The Utility of Sport and Returns to Ownership
The rate of return to investment in thoroughbred racehorses is widely believed to be negative on average. In a world of fully informed market participants, this implies that ownership of a racehorse is motivated in part by nonfinancial attributes, perhaps a taste for sport. This article presents simple models of the utility derived from sporting competition. The models differ in their implications for the rate of return to racehorse ownership and its variation with the level of talent. Evidence from thoroughbred auctions and racing earnings are used to test between the models.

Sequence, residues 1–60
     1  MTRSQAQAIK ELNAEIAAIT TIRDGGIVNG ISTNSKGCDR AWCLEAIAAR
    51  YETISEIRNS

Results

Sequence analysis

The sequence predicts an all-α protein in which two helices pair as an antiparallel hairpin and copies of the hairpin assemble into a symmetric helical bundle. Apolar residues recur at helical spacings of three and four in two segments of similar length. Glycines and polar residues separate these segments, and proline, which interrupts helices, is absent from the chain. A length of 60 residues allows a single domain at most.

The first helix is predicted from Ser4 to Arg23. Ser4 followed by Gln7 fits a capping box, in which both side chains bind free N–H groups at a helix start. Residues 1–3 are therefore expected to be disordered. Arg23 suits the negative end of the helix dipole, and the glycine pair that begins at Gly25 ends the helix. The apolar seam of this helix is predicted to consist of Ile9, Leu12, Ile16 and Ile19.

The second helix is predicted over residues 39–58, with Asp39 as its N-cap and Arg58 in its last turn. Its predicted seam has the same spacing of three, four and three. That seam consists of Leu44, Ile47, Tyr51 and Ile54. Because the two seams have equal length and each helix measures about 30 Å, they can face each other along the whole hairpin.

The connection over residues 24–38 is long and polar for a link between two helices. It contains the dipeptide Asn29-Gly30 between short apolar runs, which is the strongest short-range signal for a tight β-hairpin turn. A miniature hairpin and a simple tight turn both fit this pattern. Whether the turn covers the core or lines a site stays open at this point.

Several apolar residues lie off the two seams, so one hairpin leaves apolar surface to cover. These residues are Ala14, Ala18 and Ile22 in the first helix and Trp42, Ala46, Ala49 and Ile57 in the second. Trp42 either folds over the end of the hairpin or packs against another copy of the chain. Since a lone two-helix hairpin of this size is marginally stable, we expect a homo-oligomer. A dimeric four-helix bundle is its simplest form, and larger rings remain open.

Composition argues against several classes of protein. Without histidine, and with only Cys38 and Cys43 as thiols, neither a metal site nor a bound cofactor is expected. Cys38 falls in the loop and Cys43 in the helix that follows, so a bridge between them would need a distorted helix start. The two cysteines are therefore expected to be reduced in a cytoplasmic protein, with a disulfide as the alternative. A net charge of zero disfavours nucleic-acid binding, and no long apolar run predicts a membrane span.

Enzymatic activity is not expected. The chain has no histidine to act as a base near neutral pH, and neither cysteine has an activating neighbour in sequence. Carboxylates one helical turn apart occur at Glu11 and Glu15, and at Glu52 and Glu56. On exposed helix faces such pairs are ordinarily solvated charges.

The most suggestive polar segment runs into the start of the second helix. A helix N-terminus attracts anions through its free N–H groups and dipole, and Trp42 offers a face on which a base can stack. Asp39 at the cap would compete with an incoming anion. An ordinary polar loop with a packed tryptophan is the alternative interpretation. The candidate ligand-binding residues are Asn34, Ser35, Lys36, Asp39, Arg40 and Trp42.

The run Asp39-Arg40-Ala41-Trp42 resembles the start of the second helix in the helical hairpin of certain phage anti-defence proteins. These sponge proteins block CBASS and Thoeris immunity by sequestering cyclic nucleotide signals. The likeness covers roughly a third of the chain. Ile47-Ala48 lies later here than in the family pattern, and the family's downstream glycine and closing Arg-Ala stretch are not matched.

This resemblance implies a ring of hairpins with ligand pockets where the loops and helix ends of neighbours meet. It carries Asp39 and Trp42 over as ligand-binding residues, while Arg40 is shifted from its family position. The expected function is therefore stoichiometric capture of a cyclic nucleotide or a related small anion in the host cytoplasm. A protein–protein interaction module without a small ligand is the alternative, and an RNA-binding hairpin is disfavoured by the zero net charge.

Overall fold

Volume (Year): 1 (2000)
Issue (Month): 3 (August)
|Contact details of provider:|
When requesting a correction, please mention this item's handle: RePEc:sae:jospec:v:1:y:2000:i:3:p:219-235. See general information about how to correct material in RePEc.
For technical questions regarding this item, or to correct its authors, title, abstract, bibliographic or download information, contact: (SAGE Publications)
If references are entirely missing, you can add them using this form.